When he was a child, he had a sandbox.
It wasn't supposed to happen like this; no, not like this.
When he lifted his hand and summoned the air to his command, he could feel the power of the Stone on his ring finger sweep into him, and suddenly, there was so much air that Roy could command, so much that he felt like God himself. He could make a hurricane with this kind of power, he thought—he could change weather patterns over a whole city, maybe a whole country.
He could destroy a whole town with a snap of his fingers.
And snap he did, and the world exploded in front of his eyes, with a bang that popped his ears and a rush of air that dragged him several steps towards his own destruction. He was blinded, he was burned, and buildings exploded as gas lines were lit and oil reserves ignited in the wake of burning air.
And ah mercy, the screaming. Hundreds of voices of agony in a tongue he didn't know, but the tone was universal, and he understood—he could feel their hurt in his bones, in his singed fingers, and he could smell it in the smoke that billowed everywhere.
"I'm sorry," he gasped. "I'm sorry—" and he found himself starting forward towards the smell of burning flesh despite himself—he would save them!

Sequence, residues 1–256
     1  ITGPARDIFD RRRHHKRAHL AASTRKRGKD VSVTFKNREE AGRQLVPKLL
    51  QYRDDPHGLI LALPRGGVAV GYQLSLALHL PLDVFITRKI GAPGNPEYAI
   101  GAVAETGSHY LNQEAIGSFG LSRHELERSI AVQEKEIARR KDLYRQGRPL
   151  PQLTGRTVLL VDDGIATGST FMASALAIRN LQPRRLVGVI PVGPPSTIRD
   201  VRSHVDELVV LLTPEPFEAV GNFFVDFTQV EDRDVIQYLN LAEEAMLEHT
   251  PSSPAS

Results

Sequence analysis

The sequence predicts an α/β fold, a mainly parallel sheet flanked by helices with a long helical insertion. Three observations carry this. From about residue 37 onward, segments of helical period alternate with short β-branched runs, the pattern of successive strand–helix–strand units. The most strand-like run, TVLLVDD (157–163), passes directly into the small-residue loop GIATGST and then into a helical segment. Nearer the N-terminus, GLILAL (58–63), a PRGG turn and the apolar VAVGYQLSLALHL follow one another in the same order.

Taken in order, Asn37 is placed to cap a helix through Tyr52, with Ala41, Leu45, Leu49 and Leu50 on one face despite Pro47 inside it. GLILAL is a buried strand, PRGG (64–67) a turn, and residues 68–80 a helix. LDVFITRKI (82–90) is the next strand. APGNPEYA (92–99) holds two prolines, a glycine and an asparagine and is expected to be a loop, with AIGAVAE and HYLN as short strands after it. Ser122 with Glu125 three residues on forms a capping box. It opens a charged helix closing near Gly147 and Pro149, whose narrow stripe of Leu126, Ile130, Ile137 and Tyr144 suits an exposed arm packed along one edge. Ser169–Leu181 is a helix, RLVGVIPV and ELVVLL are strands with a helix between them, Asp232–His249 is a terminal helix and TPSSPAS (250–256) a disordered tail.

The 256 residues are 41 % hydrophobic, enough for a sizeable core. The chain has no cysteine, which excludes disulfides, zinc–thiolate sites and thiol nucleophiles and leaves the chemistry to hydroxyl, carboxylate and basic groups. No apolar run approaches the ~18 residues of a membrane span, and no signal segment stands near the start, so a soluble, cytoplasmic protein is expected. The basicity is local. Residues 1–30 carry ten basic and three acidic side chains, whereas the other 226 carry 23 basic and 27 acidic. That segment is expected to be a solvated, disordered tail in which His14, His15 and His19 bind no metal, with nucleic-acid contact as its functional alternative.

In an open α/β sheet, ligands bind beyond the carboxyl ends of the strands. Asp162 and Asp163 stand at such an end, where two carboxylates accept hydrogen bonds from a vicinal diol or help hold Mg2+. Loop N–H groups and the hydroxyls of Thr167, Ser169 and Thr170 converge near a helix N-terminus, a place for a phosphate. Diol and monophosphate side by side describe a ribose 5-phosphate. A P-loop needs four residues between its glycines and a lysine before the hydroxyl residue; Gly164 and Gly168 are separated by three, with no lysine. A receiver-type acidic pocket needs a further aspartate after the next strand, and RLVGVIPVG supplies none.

In his sandbox full of toys, he would make and destroy whatever suited his fancy.
Until hands came around his waist and yanked him back, a hoarse voice gasping, "No, Roy, stop, you'll die—!"
And he fell backwards off his polished boots and landed against a body that was cool compared to the burning heat in front of him, landed on his tailbone with a jolt that shocked him all the way up his spine, into his brain. It was Maes' voice rasping in his ear, he realized as he spiraled back down into himself, into his human body with its limitations. "Mercy," Maes said, his voice broken; his hand tightened across Roy's uniform; Roy knew where Maes was looking, because he too was staring at the burning bodies and buildings, unable to look away like flies drawn to the flame. "Dear God..."
And they fell silent and watched in horror as God's destruction fell upon their enemies.
This, he thinks, is not his sandbox.